Mending Wounded Minds
Seeking Help for a Mentally Ill Child
“Having a mentally ill family member is like climbing a never-ending spiral staircase,” writes the author. The mother of six children and stepmother of a severely disturbed child and his younger brother, Henry takes the reader up and down and around that staircase. She and her husband fought grim odds to keep a bitterly hostile four-year-old boy at home, despite his tantrums, attacks, and frightening descent into psychosis. The struggle lasted more than five years. She writes with the energy and economy of a beat reporter, mixed with the joy and sorrow of an honest diarist.
Henry and her new husband decided to seek custody of his sons, ages four and two, when it became evident that the boys were malnourished and poorly parented by his ex-wife and her new husband. After gaining custody at considerable cost in time, money, and grief, they found that the boys had been victims of neglect and both physical and sexual abuse. While Bobby was quiet, passive, and malleable, Tommy resisted their love and nonviolent discipline. Henry, a deeply religious, focused, determined person, happy in her marriage and confident that love could heal, learned that the mental health system contains a mixture of elements, some helpful, some neutral, and some bad. The last chapters of the book explain the system, touching on therapy, drugs, the family, lawsuits, and, above all, positive advocacy.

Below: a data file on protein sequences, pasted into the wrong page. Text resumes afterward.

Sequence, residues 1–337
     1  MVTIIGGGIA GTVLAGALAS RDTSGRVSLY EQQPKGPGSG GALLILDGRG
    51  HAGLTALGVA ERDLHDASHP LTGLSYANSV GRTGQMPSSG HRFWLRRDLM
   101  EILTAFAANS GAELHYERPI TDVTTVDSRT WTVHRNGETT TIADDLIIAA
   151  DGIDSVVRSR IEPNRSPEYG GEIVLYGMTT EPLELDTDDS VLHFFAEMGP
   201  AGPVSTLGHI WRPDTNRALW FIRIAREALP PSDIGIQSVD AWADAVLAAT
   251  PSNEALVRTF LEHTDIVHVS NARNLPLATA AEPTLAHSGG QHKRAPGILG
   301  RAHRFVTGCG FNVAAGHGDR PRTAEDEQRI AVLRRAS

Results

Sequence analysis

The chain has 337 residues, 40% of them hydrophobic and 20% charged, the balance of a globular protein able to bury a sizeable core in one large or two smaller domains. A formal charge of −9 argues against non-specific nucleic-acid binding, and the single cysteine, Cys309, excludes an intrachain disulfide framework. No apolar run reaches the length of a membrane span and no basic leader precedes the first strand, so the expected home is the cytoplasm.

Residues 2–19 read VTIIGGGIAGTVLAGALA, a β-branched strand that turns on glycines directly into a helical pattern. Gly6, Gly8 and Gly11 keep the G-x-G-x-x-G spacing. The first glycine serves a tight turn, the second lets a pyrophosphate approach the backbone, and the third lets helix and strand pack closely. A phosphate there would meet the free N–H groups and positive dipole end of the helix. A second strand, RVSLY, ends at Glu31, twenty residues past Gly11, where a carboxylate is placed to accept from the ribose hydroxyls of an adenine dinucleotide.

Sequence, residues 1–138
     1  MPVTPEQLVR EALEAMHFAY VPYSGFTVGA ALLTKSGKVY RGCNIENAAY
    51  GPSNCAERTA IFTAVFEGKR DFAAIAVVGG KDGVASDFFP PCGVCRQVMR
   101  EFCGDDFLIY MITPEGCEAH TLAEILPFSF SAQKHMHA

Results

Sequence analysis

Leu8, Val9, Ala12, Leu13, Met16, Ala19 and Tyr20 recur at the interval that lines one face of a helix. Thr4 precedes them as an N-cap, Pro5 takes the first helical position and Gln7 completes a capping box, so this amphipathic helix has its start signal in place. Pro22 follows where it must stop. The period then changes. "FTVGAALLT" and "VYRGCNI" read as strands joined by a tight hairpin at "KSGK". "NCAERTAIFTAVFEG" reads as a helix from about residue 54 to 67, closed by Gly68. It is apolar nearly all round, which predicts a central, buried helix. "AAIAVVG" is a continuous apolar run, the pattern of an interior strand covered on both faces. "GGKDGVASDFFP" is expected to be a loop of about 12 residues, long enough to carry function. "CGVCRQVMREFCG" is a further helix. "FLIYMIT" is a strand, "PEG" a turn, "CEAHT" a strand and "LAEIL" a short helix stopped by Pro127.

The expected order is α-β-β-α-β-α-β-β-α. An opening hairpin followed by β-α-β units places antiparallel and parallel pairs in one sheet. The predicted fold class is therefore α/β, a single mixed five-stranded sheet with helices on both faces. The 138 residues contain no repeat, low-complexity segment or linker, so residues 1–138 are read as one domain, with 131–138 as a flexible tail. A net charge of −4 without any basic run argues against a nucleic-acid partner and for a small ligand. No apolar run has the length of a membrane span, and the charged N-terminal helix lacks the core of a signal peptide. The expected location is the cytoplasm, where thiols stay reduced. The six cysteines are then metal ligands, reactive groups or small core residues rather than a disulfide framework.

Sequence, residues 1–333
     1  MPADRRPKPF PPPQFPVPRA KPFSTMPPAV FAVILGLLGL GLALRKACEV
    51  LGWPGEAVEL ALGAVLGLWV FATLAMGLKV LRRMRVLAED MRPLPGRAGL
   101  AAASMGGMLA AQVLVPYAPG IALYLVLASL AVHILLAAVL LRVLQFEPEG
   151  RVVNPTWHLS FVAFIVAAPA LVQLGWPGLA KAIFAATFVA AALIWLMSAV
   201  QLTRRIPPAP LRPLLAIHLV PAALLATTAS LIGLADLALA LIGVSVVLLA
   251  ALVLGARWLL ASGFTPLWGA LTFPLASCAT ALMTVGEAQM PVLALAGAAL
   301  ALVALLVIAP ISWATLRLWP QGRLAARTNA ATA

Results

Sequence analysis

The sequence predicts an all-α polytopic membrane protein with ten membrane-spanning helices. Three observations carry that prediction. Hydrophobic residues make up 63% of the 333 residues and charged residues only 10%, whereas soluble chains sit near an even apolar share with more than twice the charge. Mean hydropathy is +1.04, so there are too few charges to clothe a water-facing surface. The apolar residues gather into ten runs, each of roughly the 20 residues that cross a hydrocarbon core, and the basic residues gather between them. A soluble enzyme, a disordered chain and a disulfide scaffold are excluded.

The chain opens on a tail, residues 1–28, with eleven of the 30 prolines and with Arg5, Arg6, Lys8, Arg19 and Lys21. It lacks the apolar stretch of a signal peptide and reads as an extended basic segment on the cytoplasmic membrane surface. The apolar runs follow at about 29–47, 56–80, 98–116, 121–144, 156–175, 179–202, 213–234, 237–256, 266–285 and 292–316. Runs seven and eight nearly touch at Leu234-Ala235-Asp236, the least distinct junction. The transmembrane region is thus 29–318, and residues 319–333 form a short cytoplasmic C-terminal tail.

Paradoxically, Henry’s one weakness may be her incredible strength, faith, and persistence. Her children, including three born before she became a stepmother and three after, suffered, along with their parents, from Tommy’s
outrageous behavior. The family ultimately got off the spiral staircase when Tommy was placed in a program for pre-teen offenders; at the end of the story he was living in a supervised group home. Although the other children suffered in this painful process, they also learned about parental devotion and the power of belief in oneself. “Seeing teenagers changing dirty diapers without complaint is an amazing and rare sight,” writes Henry. “They were growing up to be kind, loving, and responsible people.”
The author works training other parents in her methods of advocacy and has published articles in mental health journals. She was assisted on this book by Vincent L. Pastore, a licensed clinical psychologist with a private practice specializing in children and adolescents in North Carolina. Anyone who has responsibility for a mentally ill child, whether parent, mental health professional, lawyer, or legislator, will find this book indispensable. Few will have Henry’s patience or her writing skills, but all will be inspired to do more with what they have.